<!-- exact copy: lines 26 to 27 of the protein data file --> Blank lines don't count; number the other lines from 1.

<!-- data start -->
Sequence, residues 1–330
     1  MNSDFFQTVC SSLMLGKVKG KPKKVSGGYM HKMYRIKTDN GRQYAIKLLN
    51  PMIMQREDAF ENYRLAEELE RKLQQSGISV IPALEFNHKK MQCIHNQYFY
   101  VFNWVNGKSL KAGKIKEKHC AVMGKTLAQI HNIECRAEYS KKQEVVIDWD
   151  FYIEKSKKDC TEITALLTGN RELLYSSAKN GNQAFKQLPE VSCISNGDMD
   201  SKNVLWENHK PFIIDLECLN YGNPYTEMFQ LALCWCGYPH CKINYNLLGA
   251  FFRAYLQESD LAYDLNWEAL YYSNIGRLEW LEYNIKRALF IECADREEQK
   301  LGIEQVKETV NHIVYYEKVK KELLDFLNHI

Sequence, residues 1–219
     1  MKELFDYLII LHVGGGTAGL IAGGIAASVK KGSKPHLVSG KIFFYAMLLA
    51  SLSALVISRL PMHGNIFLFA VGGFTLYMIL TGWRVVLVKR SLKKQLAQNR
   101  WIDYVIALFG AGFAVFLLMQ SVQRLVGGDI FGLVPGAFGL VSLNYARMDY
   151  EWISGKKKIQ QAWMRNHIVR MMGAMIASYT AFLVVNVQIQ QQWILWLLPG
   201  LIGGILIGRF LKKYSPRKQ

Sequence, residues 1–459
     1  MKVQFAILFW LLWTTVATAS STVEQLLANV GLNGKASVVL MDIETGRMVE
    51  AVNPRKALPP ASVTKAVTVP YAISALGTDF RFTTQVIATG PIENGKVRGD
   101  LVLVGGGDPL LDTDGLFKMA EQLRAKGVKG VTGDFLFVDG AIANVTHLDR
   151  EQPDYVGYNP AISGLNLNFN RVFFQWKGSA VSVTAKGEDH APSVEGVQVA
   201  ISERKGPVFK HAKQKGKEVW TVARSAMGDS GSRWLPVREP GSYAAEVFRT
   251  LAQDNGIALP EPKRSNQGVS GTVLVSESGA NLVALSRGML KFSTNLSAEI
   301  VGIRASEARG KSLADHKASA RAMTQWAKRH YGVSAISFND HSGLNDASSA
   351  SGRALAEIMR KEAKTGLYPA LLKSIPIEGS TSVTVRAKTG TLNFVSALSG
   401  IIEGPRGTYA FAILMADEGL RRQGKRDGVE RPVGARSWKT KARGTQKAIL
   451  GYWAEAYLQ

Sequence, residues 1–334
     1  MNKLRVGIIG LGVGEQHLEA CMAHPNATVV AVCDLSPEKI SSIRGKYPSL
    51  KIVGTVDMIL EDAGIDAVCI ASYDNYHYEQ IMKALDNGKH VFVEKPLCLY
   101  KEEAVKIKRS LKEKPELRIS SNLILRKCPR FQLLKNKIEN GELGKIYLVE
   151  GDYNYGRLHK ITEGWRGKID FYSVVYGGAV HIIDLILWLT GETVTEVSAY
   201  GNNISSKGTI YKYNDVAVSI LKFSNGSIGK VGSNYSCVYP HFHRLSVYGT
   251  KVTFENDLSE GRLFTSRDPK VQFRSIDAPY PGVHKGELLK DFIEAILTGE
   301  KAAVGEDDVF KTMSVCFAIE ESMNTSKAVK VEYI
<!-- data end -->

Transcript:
Sequence, residues 1–334
     1  MNKLRVGIIG LGVGEQHLEA CMAHPNATVV AVCDLSPEKI SSIRGKYPSL